In Asia where the hornet and the bees have evolved together, the bees have developed defense mechanisms. The bees have evolved to literally wrap themselves around the hornets in balls of multiple bees. This results in suffocation for the hornets and the heat created by the bee’s vibration also kills the hornets. 

The concern is that in areas such as North America the honey bees have not evolved this defense. If allowed to go unchecked ‘murder hornets’ could decimate the honey bee wasps population in North America.

They do not exclusively prey on bees. Like all wasps, they like sugary foods and prey on many other insects.

What do red paper wasps eat?

The red paper wasp mostly kills caterpillars, which it will feed to its larvae. It can also suck the contents from the caterpillars. They are also important pollinators as one of their preferred foods is nectar.

Like many wasps, they are opportunistic and will eat food left available by humans including sweet foods and meat.

Nest

The murder hornet typically constructs their nests underground in an existing cavity. They will build often in the base of trees up to 24 inches (60 cm ) into the ground.

The paper wasp gets its name from the nests it makes by scarping wood and turning it into a pulp. Their nests resemble an upsidedown umbrella shape. They make them in trees but in populated areas they eaves of houses. Check out this article about wasps’ attraction to wood.

Sting

How venomous is the sting on the murder hornet?

The stinger of the ‘murder hornet’ is large enough to penetrate clothing and their large size means that they inject more venom with each sting. Like all wasps, they can sting multiple times. 

The pain from the sting is said to be severe and can last for days. Although the venom hasn’t been recorded as significantly more venomous than other hornet species the quantity injected is higher due to the size.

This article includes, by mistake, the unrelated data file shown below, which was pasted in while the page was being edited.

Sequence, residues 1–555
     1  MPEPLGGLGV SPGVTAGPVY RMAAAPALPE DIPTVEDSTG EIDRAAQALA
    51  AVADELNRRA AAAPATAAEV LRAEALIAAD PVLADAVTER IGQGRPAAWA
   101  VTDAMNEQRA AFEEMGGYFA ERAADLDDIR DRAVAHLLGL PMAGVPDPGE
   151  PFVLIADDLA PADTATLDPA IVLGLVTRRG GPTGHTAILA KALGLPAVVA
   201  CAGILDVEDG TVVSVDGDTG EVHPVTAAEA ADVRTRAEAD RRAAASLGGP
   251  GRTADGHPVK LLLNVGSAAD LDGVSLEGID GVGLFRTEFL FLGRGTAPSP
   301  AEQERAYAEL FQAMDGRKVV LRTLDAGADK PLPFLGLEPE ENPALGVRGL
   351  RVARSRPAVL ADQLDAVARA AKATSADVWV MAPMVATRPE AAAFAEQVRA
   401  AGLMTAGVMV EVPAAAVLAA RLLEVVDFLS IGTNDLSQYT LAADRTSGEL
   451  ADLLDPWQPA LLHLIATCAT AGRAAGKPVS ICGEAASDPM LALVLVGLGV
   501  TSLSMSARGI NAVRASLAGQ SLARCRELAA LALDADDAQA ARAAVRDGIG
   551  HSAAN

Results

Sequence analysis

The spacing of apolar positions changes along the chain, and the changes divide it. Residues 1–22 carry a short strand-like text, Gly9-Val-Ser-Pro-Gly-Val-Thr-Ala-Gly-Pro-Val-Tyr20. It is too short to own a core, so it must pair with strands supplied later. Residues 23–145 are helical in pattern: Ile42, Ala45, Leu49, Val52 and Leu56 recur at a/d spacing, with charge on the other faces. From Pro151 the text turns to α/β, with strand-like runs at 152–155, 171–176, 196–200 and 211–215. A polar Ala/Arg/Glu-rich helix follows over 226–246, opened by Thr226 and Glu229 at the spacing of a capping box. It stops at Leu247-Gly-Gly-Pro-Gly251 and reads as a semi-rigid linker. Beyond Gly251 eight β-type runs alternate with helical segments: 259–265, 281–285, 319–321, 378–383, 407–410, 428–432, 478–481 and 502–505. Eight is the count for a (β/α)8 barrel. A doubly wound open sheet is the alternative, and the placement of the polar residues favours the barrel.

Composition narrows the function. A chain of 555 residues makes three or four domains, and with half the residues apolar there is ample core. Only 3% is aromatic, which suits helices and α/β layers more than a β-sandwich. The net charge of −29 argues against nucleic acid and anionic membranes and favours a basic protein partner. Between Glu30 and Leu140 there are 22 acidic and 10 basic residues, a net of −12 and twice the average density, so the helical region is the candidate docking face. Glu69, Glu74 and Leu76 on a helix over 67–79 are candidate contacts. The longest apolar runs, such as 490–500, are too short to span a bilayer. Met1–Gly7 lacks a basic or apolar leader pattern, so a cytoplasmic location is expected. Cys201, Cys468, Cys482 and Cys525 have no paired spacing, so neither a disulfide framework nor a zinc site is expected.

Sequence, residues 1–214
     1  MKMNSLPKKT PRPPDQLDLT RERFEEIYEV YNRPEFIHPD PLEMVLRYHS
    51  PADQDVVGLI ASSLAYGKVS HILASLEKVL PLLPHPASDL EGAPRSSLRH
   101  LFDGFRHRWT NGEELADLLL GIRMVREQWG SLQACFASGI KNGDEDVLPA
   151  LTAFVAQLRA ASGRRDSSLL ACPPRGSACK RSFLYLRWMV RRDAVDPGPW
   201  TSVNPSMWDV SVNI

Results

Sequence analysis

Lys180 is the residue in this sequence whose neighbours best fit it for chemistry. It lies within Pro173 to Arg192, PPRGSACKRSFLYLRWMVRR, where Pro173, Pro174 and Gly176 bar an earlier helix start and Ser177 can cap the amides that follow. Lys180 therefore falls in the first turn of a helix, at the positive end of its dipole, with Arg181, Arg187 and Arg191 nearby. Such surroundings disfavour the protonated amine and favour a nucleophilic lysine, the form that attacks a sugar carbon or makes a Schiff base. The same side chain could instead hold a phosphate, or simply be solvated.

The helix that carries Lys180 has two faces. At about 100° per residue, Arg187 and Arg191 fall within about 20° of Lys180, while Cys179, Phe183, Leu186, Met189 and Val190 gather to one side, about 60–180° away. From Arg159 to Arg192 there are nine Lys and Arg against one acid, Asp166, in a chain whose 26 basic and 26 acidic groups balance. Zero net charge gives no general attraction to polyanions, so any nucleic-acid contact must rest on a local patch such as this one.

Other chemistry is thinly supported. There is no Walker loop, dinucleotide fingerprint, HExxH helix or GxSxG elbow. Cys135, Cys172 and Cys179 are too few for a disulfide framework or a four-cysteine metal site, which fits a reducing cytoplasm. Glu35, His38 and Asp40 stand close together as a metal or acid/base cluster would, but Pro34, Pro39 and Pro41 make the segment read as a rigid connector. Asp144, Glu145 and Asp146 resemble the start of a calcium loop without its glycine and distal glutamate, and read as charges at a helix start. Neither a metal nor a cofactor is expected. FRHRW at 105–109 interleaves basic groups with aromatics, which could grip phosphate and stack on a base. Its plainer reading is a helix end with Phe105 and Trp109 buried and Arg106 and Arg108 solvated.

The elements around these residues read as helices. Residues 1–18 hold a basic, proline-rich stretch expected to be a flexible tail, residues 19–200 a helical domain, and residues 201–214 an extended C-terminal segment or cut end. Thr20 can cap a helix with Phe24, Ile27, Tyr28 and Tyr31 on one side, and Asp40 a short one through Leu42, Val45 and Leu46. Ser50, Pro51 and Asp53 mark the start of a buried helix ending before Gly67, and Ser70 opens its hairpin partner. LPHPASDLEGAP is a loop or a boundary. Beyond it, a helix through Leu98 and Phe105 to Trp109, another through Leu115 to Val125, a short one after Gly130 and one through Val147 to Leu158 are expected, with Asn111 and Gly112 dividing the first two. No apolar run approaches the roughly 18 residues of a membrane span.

Multiple stings of 30 or more have been recorded as fatal for humans. Numbers of around 50 people die from such stings each year.

How does the sting of the red paper wasp compare?

The sting of the red paper wasp is particularly painful to humans. Schmidt gave it a rating of 3 out of 4 in his insect pain index describing the pain as “Caustic and burning. Distinctly bitter after taste. Like spilling a beaker of hydrochloric acid on a paper cut.” The intense pain is said to last up to 10 minutes. Go to this article to see how the sting compares to other wasps.

Aggressiveness

The red paper wasp is not especially aggressive. Like all wasps, it will become so when it feels its nest is threatened. They do often live in close proximity to people so more opportunity does arise for aggressive behavior than other wasp species. Read more about the red paper wasp here

Are murder hornets more aggressive than the European hornet?

Even the murder hornet is not as aggressive as, other common wasps such as the yellowjacket when it comes to defending its nest. Unless their nests are disturbed they are very unlikely to be a threat to people and will for the most part not bother people.

Interestingly they are one of the only species of social wasp that actually give a warning before stinging. They fly back and forth snapping their mandibles (claw-like mouthparts) as a warning. Read more about the murder hornet here.